South Carolina Gov. Henry McMaster (R) announced Thursday the state would stop participating at the end of June in the federal government’s supplemental unemployment benefits program, which provides an extra $300 a week to the jobless, as many Republican officials are claiming the payments disincentivize workers to get back on the job.
McMaster said Thursday he made the decision “to address ongoing workforce shortages throughout South Carolina.”
On Wednesday, Montana Gov. Greg Gianforte (R) said he would withdraw from the program by June 27, also claiming his state was being plagued by a labor shortage.
Montana will instead offer a one-time $1,200 bonus for returning to work, Gianforte said.
The $300-a-week federal payments, which are a reduced version of a $600 weekly benefit authorized last March under the CARES Act to help the millions of workers thrown out of work amidst the coronavirus pandemic,, will continue until Sept. 6 in states that don’t opt out of the federal program.
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Republican officials have long claimed federal unemployment payments are too high, and more GOP-led states may soon leave the federal program amid reports of employers having trouble finding workers. Millions of Americans remain unemployed—but claims of work shortages appear to be largely anecdotal so far.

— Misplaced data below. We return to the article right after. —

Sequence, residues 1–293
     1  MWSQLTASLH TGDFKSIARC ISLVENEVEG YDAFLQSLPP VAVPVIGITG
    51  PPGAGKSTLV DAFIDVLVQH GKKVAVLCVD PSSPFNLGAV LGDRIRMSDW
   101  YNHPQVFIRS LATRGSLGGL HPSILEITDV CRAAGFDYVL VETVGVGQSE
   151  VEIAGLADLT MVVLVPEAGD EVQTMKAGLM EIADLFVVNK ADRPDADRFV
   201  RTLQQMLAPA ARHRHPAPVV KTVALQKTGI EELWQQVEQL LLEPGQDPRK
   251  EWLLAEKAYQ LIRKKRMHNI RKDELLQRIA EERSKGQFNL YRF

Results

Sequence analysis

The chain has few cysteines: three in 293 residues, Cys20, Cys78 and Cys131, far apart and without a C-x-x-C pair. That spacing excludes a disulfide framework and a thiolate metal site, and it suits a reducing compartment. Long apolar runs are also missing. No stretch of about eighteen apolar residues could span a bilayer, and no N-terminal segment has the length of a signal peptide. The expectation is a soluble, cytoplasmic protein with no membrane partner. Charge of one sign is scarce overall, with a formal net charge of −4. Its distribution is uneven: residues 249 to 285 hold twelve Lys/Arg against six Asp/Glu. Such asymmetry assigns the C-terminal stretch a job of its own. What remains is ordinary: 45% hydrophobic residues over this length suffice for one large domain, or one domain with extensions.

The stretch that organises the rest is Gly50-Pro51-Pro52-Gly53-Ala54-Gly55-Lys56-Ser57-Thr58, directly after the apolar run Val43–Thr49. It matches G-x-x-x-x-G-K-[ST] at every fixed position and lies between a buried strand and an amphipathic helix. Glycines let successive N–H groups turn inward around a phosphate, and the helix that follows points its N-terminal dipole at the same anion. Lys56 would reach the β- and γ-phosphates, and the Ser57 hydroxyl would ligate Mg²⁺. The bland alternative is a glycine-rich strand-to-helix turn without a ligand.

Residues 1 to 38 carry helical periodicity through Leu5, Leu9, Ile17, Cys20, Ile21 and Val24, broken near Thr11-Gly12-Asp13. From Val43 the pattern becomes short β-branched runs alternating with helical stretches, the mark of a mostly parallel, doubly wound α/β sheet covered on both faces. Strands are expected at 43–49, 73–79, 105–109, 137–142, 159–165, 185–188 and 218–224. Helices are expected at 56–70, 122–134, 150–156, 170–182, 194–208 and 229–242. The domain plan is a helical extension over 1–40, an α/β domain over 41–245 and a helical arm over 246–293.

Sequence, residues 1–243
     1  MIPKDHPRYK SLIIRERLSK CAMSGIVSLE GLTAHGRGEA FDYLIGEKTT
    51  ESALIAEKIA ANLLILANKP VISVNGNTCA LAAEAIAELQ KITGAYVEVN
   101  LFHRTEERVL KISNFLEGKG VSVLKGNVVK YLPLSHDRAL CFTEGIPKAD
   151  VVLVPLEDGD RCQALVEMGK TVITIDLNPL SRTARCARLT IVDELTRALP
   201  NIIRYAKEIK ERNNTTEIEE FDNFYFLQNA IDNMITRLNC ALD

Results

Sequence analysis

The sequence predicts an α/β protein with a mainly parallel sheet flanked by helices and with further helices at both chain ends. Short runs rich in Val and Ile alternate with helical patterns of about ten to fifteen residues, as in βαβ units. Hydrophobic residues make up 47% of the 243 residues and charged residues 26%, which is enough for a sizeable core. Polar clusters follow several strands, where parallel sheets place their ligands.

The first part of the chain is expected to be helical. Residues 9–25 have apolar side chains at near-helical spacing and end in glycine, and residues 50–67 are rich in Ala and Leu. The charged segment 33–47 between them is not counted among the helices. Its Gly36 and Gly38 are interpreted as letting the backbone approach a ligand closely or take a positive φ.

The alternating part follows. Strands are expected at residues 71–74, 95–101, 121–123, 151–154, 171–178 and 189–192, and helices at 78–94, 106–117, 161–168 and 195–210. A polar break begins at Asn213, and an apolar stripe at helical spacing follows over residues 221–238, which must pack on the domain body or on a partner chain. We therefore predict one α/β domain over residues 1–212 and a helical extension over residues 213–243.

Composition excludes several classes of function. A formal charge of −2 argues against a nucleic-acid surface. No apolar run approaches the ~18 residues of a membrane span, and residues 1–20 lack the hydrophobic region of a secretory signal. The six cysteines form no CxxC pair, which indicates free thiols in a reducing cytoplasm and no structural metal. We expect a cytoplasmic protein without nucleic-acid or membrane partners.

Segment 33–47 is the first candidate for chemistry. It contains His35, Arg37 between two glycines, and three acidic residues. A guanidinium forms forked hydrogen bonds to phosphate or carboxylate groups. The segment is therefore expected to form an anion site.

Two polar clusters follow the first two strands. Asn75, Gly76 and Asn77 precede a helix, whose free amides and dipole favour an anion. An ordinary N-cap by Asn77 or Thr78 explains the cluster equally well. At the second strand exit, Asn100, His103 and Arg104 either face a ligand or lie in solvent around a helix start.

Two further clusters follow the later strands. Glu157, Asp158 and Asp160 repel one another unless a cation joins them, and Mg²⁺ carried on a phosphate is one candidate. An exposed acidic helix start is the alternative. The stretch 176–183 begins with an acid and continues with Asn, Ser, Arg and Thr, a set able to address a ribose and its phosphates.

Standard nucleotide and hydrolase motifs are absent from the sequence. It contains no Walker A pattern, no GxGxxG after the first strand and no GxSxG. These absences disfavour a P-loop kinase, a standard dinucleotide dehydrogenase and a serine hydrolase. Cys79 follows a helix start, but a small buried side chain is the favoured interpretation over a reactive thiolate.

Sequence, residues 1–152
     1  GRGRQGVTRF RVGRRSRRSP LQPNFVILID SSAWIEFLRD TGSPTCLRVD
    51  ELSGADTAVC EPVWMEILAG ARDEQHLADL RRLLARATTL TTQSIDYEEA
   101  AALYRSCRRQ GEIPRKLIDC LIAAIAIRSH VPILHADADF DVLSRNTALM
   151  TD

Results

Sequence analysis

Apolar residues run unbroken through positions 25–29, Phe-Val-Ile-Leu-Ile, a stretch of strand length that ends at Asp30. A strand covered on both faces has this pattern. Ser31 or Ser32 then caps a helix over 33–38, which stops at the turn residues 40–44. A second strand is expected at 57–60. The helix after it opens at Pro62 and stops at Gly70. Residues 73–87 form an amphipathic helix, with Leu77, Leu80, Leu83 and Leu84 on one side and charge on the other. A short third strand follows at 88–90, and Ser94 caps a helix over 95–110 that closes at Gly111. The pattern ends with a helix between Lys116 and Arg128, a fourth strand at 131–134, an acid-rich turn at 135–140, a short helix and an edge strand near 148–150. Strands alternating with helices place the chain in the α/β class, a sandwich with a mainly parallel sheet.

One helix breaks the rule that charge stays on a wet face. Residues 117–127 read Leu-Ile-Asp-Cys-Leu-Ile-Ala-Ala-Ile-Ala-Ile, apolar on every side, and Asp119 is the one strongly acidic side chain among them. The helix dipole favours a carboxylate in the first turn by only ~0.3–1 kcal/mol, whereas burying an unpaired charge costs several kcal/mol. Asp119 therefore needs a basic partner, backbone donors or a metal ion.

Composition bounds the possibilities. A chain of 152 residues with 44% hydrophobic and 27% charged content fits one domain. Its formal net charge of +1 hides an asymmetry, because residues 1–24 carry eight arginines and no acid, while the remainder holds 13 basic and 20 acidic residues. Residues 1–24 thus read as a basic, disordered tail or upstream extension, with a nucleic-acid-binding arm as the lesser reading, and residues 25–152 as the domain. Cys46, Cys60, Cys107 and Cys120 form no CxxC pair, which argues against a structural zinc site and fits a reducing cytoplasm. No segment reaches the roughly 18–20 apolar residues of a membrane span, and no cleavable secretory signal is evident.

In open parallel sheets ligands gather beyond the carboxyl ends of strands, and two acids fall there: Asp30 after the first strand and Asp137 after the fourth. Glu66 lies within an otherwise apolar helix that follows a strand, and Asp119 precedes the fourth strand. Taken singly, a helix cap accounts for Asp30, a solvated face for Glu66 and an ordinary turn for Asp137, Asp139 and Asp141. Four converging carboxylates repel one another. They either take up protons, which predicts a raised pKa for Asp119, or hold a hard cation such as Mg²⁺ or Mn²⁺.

“We have flooded the zone with checks that I’m sure everybody loves to get, and also enhanced unemployment,” Senate Minority Leader Mitch McConnell (R-Ky.) said Thursday. “And what I hear from business people, hospitals, educators, everybody across the state all week is, regretfully, it’s actually more lucrative for many Kentuckians and Americans to not work than work.”
$387. That’s how much the average American receives from their state in weekly unemployment payments, according to the Center on Budget and Policy Priorities, which rises to $687 with the federal boost. Based on a 40-hour workweek, that means the average unemployed American is getting the equivalent of $17.17 an hour—more than twice the federal minimum wage.
At a news conference last week, Federal Reserve Chairman Jerome Powell said it was “not clear” federal unemployment benefits were causing a labor shortage. But, in any case, Powell said that won’t be a factor for much longer because he expects the federal government will not extend payments past September.